Making sure an investment portfolio has sufficient diversification can help mitigate risk, and one way that a portfolio can effectively be diversified is to allocate funds globally. By investing funds across a range of different geographic areas of the world, the impact on the overall portfolio, if a particular region suffers a downturn, is reduced.
Investing in a global investment fund may be a sensible way of obtaining this diversification, and you may be forgiven for thinking that such a fund would invest a reasonable proportion of the portfolio in each region. The reality is that a significant proportion of the portfolio, perhaps up to two-thirds, is highly likely to be invested in the US market. The MSCI World Index, perhaps the most recognised global market index which comprises the largest 1,540 global companies from 23 developed nations, allocates 68.3% to the US market, with the next largest component being Japan at just 6.2% and the UK at a mere 4.4%.
The reason US markets command such a weight in global indices is a result of the sheer size of the largest components of the US S&P500 and Nasdaq indices. The relative size of companies value on the market is calculated by multiplying the number of shares in issue by the price of each share, and is known as the market capitalisation (or market cap). Currently, US tech giant Apple and Saudi energy company Saudi Aramco are swapping places as the largest global stock by market cap, with both companies valued at over $2 trillion. To put this in perspective, both companies are individually over 10 times bigger than Shell, which is the largest component in the FTSE100 index of leading UK shares.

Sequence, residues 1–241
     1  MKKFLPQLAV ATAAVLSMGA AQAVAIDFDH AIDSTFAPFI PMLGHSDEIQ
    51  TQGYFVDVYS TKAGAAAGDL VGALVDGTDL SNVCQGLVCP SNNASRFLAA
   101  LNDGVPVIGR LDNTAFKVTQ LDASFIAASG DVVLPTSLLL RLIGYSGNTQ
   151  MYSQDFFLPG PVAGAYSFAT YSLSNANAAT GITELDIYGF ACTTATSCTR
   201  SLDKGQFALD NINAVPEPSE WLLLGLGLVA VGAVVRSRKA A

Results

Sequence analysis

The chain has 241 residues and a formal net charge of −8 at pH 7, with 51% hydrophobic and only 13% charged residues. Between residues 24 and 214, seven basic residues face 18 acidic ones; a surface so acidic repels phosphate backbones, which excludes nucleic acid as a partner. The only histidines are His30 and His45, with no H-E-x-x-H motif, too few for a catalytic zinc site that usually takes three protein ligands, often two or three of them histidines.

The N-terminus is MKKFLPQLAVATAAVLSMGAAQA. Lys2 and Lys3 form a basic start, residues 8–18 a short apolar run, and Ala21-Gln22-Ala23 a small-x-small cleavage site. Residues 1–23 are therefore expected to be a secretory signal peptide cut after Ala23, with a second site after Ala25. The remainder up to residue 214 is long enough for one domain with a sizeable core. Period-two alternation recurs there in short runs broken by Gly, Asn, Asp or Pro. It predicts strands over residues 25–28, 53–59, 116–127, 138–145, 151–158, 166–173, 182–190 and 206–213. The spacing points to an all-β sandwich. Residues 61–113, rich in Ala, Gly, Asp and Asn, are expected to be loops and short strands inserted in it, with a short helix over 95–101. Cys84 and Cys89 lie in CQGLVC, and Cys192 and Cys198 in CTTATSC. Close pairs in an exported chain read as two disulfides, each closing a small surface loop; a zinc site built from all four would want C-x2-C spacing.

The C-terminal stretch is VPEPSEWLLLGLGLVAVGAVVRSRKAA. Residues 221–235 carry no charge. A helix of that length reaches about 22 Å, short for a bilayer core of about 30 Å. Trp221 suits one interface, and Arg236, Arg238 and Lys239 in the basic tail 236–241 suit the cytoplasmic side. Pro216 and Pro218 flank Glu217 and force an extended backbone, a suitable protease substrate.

Of the remaining 8 companies in the top 10 global stocks ranked by market cap, 7 are based in the US, with Chinese conglomerate Tencent being the only other non-US company to feature in the top 10.
To reinforce the scale of these mega cap stocks, it was interesting to note that at one point in 2020, the market cap of Apple was bigger than the combined market cap of all 100 constituents of the FTSE100, and whilst Apple shares have fallen back this year, the value of the company continues to stand just below the combined market cap of the UK index.
Given the sheer magnitude of the largest US stocks, active managers of Global Equities funds would have to make a very bold decision to ignore the largest positions, as doing so would be increasing the chance that the fund would perform very differently from the market as a whole.
It is clear to see the dominance of US companies in global terms, and why US stocks really can’t be ignored when considering geographic asset allocation within a portfolio. But this doesn’t necessarily explain why the fortunes of the US economy are key to how global markets perform.
Whilst the origins of the saying are open to debate, the phrase “when America sneezes, the world catches a cold” is often used to describe the influence the US economy has over the rest of the world. Perhaps the most striking example would be the Great Depression in the 1930s, which started following the infamous Wall Street Crash of 1929.